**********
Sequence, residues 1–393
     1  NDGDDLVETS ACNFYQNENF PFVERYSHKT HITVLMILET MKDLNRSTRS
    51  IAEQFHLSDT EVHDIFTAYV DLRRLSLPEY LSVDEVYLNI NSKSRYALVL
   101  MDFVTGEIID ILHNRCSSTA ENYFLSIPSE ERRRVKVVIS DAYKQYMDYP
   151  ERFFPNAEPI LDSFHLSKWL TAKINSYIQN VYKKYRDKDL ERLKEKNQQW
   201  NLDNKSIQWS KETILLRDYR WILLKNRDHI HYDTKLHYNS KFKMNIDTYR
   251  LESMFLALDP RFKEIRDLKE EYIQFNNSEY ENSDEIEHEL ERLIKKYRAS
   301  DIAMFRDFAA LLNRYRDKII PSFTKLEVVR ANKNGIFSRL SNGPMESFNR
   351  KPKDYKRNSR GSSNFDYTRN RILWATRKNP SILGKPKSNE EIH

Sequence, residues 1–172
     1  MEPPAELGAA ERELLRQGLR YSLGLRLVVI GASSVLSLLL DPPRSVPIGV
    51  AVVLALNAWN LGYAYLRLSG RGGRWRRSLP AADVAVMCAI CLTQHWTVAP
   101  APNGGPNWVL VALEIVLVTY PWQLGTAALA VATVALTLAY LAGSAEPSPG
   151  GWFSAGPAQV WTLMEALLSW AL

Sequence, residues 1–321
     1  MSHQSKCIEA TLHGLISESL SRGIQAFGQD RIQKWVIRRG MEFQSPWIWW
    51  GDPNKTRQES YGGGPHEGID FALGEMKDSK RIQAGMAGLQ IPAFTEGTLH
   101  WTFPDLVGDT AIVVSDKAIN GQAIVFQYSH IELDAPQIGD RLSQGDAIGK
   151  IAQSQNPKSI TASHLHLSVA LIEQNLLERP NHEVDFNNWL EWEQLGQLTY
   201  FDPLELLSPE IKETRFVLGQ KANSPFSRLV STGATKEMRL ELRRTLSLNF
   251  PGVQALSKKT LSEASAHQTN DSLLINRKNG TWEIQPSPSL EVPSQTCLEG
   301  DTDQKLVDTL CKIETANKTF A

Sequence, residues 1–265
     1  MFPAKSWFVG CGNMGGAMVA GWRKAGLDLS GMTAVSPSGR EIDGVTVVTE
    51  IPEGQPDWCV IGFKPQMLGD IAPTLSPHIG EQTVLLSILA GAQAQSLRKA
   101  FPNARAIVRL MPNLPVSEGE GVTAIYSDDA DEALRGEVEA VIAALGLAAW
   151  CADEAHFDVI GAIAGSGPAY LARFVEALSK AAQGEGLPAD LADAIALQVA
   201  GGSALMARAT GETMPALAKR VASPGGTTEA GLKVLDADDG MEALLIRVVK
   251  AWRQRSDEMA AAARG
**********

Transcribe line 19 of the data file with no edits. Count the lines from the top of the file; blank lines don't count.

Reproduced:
   151  IAQSQNPKSI TASHLHLSVA LIEQNLLERP NHEVDFNNWL EWEQLGQLTY